Council members call for CodeNEXT changes
Just as the sun was beginning to glare down on the stretch of lawn around the welcome sign to Blazier Elementary School yesterday morning, a group of four City Council members kicked off what they are calling the #FixtheCode #4AllAustinites campaign. During the short press conference, the Council members called for more community engagement and a renewed focus on combating gentrification and economic segregation in the CodeNEXT process.
Council members Pio Renteria, Jimmy Flannigan, Delia Garza and Greg Casar worked together to organize the event. It precedes the second draft of the Land Development Code rewrite, which, as we noted yesterday, drops next month.
“We will not vote in favor of a code that continues to do all these things that we think the current code is doing,” Garza said at the conference. “We didn’t see a significant enough change in this first draft and, in fact, it kind of set up a system where there were still two Austins in a lot of ways.”
Flannigan said he agreed with Garza that there are big issues with the code that Austinites see in their neighborhoods on a daily basis. He referenced his own District 6 and the negative effects of sprawl.
“The code is broken in small ways too, in ways that we don’t always see,” Flannigan said. “The complexity of this code exacerbates our affordability issues and it only gives access to the privileged few who have the time, money and lobbyists to understand it.”
A Tuesday press release lays out a set of what it calls values that the group wants to guide the second draft. Those values are combating gentrification, promoting economic and racial integration, creating a more “people-centric” permitting process, a renewed focus on flood mitigation and wildfires, and the creation of an affordability metric. They would also like the CodeNEXT team to remain on schedule and meet the current deadlines.
Flannigan told the Austin Monitor that the message is directed at Austinites, who he said are desperately needed in the process going forward.
“It’s saying to the community: We’re hearing some voices at City Hall, but we’re not hearing all voices at City Hall,” he said. “And the four of us represent districts that, for a variety of reasons, face barriers to participation.”
He continued, “So we’re saying to the community that the process that we’ve led to, the negative things that you’ve heard about it, we agree. We need to have a better code. We need to fix this code, and it needs to be fixed for all Austinites – not just the ones that show up at City Hall.”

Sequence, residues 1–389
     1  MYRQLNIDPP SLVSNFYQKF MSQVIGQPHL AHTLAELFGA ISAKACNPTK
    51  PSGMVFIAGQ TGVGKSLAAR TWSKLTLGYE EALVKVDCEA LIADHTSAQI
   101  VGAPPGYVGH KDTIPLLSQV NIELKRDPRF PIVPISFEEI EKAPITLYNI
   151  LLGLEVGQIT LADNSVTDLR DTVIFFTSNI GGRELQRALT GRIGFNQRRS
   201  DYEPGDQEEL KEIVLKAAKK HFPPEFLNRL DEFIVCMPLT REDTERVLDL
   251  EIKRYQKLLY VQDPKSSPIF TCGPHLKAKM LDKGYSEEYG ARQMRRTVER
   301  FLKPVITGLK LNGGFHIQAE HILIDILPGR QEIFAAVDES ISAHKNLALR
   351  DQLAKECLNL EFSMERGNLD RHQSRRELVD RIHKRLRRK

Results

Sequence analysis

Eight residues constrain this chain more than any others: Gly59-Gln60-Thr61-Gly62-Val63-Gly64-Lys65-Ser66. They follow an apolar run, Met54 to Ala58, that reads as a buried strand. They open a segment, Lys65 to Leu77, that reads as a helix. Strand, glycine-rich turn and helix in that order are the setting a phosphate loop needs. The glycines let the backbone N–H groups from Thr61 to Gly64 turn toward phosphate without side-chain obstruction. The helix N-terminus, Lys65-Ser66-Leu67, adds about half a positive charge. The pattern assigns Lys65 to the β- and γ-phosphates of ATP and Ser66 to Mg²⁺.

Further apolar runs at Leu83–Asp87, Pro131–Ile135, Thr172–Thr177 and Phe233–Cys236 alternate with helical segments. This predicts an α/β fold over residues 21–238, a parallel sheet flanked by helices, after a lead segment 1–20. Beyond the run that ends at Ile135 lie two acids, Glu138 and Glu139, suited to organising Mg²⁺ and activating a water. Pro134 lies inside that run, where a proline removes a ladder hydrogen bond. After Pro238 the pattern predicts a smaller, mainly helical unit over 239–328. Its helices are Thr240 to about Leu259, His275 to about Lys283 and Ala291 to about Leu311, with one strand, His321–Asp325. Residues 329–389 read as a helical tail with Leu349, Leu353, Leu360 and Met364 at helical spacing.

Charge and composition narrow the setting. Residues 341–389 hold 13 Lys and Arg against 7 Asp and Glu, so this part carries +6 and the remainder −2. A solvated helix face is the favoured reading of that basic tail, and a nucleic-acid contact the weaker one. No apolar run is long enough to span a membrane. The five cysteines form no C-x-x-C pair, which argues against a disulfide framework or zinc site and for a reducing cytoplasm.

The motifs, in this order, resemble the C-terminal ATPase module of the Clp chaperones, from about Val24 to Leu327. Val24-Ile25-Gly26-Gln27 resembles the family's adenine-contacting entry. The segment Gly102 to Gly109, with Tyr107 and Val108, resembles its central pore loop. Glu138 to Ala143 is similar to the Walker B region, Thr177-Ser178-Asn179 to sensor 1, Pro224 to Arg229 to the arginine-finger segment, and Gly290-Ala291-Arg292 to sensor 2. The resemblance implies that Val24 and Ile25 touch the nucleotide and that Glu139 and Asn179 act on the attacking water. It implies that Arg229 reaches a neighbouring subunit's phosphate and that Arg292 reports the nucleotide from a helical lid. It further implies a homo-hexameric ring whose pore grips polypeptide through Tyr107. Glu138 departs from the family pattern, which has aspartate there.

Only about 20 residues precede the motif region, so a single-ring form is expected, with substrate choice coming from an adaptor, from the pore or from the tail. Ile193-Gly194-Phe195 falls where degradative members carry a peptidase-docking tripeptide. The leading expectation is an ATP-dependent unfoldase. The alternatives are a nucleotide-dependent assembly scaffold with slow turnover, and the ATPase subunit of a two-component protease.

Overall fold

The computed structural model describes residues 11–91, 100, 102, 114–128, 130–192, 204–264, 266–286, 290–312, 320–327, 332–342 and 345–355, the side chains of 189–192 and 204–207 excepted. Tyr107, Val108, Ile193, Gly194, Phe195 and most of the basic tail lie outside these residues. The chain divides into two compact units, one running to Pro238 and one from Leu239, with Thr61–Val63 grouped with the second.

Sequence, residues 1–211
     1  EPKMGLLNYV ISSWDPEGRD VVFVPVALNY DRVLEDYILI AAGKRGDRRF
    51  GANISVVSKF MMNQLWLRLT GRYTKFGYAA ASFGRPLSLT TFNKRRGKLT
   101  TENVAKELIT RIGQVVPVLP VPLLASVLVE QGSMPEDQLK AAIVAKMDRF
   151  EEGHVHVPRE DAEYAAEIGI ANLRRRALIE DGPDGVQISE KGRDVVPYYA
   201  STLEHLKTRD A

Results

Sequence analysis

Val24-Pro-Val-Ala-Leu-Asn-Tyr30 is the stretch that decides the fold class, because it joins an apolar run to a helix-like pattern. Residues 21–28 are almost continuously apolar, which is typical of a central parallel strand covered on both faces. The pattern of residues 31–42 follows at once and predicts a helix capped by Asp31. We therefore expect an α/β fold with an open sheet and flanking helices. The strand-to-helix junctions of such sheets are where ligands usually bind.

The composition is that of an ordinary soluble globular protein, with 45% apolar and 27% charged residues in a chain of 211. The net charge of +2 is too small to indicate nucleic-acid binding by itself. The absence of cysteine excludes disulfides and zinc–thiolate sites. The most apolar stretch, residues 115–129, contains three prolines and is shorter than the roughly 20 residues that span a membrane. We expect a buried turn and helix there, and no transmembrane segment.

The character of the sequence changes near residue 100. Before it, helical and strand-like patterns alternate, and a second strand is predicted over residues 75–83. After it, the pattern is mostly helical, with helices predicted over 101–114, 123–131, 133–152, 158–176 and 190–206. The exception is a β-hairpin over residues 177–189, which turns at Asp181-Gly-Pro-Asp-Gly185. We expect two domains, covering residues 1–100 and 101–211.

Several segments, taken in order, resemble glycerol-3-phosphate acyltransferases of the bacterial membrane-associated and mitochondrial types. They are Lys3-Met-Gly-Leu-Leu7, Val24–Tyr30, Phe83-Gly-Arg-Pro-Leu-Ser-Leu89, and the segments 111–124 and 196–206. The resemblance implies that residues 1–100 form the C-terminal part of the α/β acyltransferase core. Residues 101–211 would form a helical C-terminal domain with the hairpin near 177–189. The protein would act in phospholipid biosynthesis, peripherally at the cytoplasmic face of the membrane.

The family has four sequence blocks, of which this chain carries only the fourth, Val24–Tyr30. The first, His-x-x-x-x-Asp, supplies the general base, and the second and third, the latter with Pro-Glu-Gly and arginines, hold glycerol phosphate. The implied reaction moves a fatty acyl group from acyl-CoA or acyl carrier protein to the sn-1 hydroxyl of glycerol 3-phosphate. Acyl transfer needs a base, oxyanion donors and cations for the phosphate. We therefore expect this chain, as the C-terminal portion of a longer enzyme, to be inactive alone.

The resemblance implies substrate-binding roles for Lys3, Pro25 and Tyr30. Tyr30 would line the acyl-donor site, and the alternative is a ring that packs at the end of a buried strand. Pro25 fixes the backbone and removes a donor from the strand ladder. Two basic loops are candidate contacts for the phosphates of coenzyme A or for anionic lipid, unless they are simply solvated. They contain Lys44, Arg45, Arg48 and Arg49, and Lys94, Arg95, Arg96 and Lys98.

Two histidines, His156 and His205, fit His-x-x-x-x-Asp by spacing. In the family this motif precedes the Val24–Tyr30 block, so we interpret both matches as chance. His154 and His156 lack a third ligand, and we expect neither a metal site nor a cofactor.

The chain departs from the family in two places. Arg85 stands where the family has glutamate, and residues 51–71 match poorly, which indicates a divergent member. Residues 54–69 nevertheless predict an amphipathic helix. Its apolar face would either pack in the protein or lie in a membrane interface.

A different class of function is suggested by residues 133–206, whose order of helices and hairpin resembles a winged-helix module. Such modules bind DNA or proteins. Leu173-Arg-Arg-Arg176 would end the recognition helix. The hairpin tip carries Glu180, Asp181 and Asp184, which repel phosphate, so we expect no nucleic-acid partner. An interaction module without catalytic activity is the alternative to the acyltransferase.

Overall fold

In response to a question about the recent revelation that most of the online comments on the CodeNEXT draft are about Central Austin, Casar said that doesn’t necessarily reflect who is engaging with CodeNEXT.
“(My constituents) know that it’s largely the more affluent neighborhoods that are fighting development and pushing it on other communities,” he said. “And we are here speaking from that vantage point. So I think there has been engagement from Council members here. Those voices have been raised, and we’ve heard those voices. And just because folks aren’t getting onto the Planning and Development website doesn’t mean that those folks don’t matter. It just means the Planning and Development staff and the Planning and Development system are still enshrined in an old way of doing things that we’re talking about shaking up.”
Planning and Zoning Department Director Greg Guernsey told the Monitor that CodeNEXT is based on existing policy, and therefore a change in the direction of the project would require a full vote of Council. “We appreciate the Council members sharing their and their constituents’ concerns about the current draft, and we are using feedback from the Austin community to improve our second draft,” he said.
Guernsey noted the team has been following a Council-approved engagement process on the first draft. That involved – as regular Monitor readers can attest – district meetings, online feedback, Central Austin office hours, library office hours and materials in Spanish. Once the next draft is released on Sept. 15, Guernsey said, the CodeNEXT website will be updated to include dates for further public engagement.
This story has been updated to clarify that CodeNEXT is based on existing policy, and not yet existing policy. Photo courtesy of Austin City Council District 6. Photos shared by District 6 are protected under the terms of the Creative Commons Attribution-ShareAlike 4.0 International (CC BY-SA 4.0) license.
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Key Players & Topics In This Article
Austin City Council: The Austin City Council is the body with legislative purview over the City of Austin. It offers policy direction, while the office of the City Manager implements administrative actions based on those policies. Until 2012, the body contained seven members, including the city's Mayor, all elected at-large. In 2012, City of Austin residents voted to change that system and now 10 members of the Council are elected based on geographic districts. The Mayor continues to be elected at-large.
CodeNEXT: CodeNEXT is the name given to the land development code rewrite process undertaken in the early 2010s by the City of Austin.